Kari Lake woos D.C. lobbyists at fundraiser, private meetings as Arizona Senate race heats up


Former Arizona Republican gubernatorial candidate Kari Lake announces her bid for the seat of U.S. Sen. Kyrsten Sinema (I-AZ) at JetSet Magazine on October 10, 2023 in Scottsdale, Arizona.

Rebecca Noble | Getty Images News | Getty Images

Arizona Republican Senate candidate Kari Lake has been quietly meeting with lobbyists and raising money in Washington in recent weeks, according to people familiar with the matter. Lake has built her political brand around her willingness to buck the D.C. establishment wing of the GOP.

On Tuesday, Lake met with about a dozen lobbyists in the nation’s capital, and the following day she attended a campaign fundraiser that was heavy with D.C. hired guns.

Lake also met separately with a top GOP lobbyist recently to strategize how to get her in front of even more industry players, according to sources familiar with the meeting. Like others in this story, they were granted anonymity to describe private events.

The Arizona Senate race is poised to be one of the most competitive and high profile contests in the nation this fall. President Joe Biden won the state by a mere 10,000 votes in 2020, less than half a percent.

Arizona’s late primary date — July 30 — means the Senate race will also likely be one of the most expensive in the country, as large fields of candidates on both sides spend the next five months raising money to duke it out for the nomination.

Lake’s whirlwind D.C. schedule marks a significant departure from her message to voters in January. “I don’t give a damn what the lobbyists think,” Lake wrote in a tweet on X.

“I don’t care how much they vilify me in the media. I don’t want a seat at the table with the political elites. I care about kitchen table issues,” she wrote.

Now, it appears a candidate who built her career around the idea of being an anti-establishment culture warrior is evolving into one who is ready to partner with the forces that wield real power on Capitol Hill.

In the hours before her Wednesday fundraiser, Lake met with the most powerful Republican in the Senate, Minority Leader Mitch McConnell, R-Ky. As recently as August of last year, Lake tore into McConnell, questioning his health and his ability to lead the party.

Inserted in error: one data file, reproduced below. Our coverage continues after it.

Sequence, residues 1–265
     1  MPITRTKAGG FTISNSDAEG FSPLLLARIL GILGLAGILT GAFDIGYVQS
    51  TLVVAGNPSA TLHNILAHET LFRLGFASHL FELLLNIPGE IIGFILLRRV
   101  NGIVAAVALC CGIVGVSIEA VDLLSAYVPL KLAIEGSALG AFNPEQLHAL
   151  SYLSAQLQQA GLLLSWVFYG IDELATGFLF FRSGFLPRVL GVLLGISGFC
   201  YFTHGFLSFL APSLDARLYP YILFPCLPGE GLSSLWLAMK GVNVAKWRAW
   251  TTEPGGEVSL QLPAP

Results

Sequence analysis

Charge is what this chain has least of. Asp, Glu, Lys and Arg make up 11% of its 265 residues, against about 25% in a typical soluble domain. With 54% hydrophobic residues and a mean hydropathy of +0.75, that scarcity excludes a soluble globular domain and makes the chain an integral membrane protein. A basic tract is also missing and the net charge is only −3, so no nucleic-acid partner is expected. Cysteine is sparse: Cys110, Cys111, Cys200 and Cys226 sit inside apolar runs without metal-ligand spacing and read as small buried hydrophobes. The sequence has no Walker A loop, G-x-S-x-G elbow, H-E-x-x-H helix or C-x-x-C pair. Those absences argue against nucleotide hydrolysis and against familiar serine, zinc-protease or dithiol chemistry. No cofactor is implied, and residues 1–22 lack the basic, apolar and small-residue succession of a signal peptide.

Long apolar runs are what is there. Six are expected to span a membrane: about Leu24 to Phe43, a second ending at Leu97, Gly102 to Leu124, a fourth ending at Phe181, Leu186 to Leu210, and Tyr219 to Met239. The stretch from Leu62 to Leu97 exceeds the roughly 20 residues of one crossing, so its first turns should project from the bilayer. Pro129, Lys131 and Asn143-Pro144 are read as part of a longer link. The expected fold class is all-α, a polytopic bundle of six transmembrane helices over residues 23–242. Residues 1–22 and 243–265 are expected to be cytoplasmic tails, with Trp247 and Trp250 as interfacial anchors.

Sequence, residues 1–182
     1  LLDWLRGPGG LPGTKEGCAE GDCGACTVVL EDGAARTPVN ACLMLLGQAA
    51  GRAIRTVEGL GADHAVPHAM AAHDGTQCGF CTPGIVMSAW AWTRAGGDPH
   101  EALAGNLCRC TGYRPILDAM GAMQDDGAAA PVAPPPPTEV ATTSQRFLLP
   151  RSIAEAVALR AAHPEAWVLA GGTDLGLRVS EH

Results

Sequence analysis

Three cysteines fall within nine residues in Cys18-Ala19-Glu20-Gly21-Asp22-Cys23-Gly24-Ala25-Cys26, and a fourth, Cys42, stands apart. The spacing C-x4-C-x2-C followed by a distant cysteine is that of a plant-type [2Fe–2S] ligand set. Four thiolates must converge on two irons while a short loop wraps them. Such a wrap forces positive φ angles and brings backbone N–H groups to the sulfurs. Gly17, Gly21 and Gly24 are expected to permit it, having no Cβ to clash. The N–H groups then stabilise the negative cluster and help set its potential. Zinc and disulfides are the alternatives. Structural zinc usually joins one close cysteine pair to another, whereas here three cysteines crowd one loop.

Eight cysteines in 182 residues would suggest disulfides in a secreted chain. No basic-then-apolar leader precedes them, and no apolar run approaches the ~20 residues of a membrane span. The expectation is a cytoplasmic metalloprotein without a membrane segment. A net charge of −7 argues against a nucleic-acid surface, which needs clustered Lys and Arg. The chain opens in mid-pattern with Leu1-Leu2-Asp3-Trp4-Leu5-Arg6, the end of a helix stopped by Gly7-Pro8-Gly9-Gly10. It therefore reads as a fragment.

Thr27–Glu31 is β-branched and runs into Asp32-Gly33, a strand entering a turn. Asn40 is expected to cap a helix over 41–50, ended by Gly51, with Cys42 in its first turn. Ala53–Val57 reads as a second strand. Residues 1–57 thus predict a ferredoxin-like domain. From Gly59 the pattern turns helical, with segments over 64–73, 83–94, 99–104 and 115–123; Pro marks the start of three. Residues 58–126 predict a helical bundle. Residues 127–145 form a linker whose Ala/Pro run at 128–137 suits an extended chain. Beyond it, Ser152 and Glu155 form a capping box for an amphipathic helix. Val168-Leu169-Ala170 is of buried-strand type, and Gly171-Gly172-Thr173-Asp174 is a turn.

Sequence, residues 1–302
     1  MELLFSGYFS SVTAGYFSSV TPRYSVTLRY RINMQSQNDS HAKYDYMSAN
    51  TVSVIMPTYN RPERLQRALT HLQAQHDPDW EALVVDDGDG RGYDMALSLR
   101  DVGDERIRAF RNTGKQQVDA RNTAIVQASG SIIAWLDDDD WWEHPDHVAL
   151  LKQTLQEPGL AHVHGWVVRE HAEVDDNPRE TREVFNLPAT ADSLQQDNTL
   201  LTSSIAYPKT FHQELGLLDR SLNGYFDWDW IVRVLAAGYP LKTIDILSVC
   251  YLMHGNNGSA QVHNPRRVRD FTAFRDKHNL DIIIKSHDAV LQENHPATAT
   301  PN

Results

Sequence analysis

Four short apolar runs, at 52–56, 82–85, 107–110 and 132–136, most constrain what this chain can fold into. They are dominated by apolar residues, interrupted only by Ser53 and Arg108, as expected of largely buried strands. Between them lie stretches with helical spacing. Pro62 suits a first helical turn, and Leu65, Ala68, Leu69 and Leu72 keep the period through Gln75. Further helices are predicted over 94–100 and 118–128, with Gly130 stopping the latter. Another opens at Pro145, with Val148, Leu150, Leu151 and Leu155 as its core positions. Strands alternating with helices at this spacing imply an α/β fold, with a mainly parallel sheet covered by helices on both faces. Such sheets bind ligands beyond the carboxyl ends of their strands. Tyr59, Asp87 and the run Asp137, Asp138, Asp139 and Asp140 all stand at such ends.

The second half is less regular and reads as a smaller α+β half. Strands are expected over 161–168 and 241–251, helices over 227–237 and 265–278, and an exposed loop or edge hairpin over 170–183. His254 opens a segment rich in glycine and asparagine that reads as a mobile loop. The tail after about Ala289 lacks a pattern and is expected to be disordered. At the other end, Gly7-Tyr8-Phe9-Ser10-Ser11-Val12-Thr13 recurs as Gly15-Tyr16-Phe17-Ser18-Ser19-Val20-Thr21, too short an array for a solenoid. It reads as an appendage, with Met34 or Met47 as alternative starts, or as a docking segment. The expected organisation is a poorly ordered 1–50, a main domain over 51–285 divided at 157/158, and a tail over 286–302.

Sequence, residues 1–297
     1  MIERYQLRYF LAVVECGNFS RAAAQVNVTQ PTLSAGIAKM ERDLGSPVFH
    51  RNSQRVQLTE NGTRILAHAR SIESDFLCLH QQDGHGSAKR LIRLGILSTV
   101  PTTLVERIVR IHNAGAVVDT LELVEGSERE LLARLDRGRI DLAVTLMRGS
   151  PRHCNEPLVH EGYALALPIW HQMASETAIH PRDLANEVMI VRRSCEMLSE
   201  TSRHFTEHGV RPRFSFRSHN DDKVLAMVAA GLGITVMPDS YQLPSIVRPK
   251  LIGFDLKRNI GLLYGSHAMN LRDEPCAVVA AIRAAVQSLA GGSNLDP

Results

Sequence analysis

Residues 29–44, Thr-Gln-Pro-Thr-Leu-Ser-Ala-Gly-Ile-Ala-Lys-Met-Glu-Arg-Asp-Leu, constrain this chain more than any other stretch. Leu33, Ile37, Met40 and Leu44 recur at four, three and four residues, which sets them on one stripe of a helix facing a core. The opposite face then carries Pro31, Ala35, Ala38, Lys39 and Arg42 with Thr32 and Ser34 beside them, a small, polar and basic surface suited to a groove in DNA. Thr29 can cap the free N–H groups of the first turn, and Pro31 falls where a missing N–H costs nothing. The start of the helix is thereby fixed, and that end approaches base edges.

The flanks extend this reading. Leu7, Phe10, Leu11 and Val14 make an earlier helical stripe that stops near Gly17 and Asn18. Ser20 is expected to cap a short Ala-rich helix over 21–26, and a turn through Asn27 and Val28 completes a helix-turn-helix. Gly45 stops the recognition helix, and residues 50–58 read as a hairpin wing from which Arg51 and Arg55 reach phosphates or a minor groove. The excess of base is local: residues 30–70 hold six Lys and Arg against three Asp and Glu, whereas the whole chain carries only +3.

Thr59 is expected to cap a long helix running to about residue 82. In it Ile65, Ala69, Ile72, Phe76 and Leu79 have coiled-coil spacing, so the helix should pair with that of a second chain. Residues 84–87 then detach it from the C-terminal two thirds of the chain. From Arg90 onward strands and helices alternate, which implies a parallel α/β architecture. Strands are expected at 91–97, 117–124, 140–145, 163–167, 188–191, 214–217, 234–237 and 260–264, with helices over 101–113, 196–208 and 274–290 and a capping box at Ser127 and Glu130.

Guests at the Wednesday fundraiser included a lobbyist for tech giant Microsoft and another who works for the American Bankers Association, according to a source who was at the event. Other guests included over a dozen senators, according to an invitation obtained by CNBC.

The evening was a success, raising $330,000 for the Kari Lake Victory Fund, a joint fundraising committee that benefits her campaign, the National Republican Senatorial Committee and a third Lake leadership PAC called Keep America Red Indefinitely, or KARI.

Reception details for U.S. Senate candidate, Kari Lake on March 6, 2024.

Kari Lake Advisory

Press representatives for Microsoft and the ABA did not reply to requests for comment on Lake’s campaign from CNBC.

Lake also recently met with Rick Dearborn, a partner at the lobbying shop Mindset, according to sources familiar with the matter. The meeting focused on the types of future events Lake could host with attendees from a variety of business sectors.

A former White House deputy chief of staff under Trump, Dearborn has a rolodex full of clients that could potentially be interested in meeting with Lake, including Shell, Amazon Web Services, Verizon and Meta, according to public lobbying disclosure reports.

Lake, who has already been endorsed by former President Donald Trump, previously ran a failed Arizona gubernatorial campaign in 2022. When she lost that race, she claimed that widespread election improprieties caused her defeat. She campaigned, in part, on the false idea that Trump’s 2020 election defeat was the product of a rigged vote.

In a recent radio interview, Lake suggested that she still believes there are issues with elections.

Yet in conversations with lobbyists, the topic of the last election and election integrity issues has not come up, these sources explained. The discussions instead focus on a wide range of policy issues, including the economy.

Lake said in an interview with the National Review recently that if she is elected to the Senate, she will vote to extend the tax cuts passed under Trump’s administration, some of which are scheduled to expire next year.





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